Friday, 25 May 2018

The Good, The Bad and The Outlaw

As I write this it's just a little over three weeks until Lakesman, my "A" race this year, the big event, the grand finale (although there are a couple of encores in the diary). I'm perpetually tired, moody, and full of self doubt. I'm doing my best to be on form for work and telling my classes what I'm working towards when I'm not teaching them has helped a bit. The little voice in my head oscillates between "I don't want to do this anymore" and "It's only three more weeks - then you spa!" I'm constantly reminding myself of my "why" and frankly I'm a big mess. I'm sure everyone close to me will be extremely glad when it's all over!

But it's certainly not all doom and gloom. In the last few weeks there have been some amazing achievements, not least the 82mile bike ride I undertook on my own one sunny Tuesday. I borrowed a bike computer from Ellie, stitched together three routes from Strava, stuffed my pockets with food and set off. Ideally I'd have joined a ride at the weekend for at least part of the distance but work and such put pay to that so it was "now or never". I don't think I understood at the time just how much mental strength it took, especially in the latter half when I was tired, couldn't face food and passed home on my way out to the last loop. Because my posture deteriorated significantly over those 6 hours, I got a very painful knot in my right shoulder so the last few days before Outlaw Half featured lots of stretching, magnesium oil, massage and pilates.

Week beginning 7th May
Swim : 2,000m
Bike : 85.8 miles
Run : 9.73 miles
Ah, Outlaw Half, now we get to it. I'm usually nervous or excited about events but this time I felt a bit... nothing. At least in the week prior to race day. I'd completed swims, bike rides and runs far in excess of what I needed to achieve on race day. I was relatively sure I'd get a PB and I knew the location, having supported there a couple of years back. But I was tense on the drive up to Nottingham, wanting to get registered, checked in to the hotel and kit organised as quickly as possible so as to allow myself some time to relax. My shoulder was still giving me trouble which I think accounts for most of it, but also, in essence this was just another training event. It didn't feel special. Registration was well organised and straight forward. OSB Events have a reputation for being rather slick and I was not disappointed with any aspect of the event organisation.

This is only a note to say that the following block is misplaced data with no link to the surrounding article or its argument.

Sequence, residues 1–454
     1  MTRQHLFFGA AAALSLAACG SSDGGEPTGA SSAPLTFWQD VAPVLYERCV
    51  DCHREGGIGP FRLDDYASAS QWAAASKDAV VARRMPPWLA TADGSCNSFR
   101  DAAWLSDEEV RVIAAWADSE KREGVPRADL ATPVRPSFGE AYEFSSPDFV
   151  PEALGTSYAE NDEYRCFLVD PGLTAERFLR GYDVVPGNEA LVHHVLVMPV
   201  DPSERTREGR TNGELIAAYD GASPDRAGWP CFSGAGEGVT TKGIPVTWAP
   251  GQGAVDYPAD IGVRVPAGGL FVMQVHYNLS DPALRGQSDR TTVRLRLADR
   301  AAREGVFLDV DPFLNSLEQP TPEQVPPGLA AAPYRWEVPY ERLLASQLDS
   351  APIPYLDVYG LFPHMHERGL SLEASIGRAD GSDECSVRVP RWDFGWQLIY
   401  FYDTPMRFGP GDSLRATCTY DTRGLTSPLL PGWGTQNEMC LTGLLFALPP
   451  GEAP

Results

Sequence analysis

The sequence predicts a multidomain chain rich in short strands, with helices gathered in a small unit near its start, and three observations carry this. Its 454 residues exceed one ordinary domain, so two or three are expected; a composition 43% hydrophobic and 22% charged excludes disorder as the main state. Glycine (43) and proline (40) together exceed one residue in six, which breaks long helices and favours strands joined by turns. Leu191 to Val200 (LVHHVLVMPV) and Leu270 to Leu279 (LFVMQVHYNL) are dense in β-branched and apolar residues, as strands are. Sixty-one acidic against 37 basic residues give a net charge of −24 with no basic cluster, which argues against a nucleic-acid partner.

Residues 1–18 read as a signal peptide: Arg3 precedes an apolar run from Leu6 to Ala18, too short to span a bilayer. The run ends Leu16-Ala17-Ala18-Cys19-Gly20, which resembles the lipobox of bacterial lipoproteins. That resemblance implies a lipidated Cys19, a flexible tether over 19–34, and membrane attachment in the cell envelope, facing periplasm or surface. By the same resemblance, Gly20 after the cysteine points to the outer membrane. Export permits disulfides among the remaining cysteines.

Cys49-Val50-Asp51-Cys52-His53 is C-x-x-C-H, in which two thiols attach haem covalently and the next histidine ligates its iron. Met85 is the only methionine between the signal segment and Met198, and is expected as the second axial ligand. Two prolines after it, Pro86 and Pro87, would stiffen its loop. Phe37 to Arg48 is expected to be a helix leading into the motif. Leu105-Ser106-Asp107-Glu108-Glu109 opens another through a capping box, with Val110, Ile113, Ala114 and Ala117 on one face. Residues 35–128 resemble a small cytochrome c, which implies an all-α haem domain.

We spent the evening with a friend who lives in the area, being offered vast amounts of quesadillas and brioche bread and butter pudding and chatting about all sorts of everything. It took my mind off how I had been feeling and I ended the evening far more relaxed and happy than I'd started. I had the sort of night's sleep I've come to realise is normal before bigger events, especially where an early start is involved, and all too soon the alarm clock sounded the 4am alert.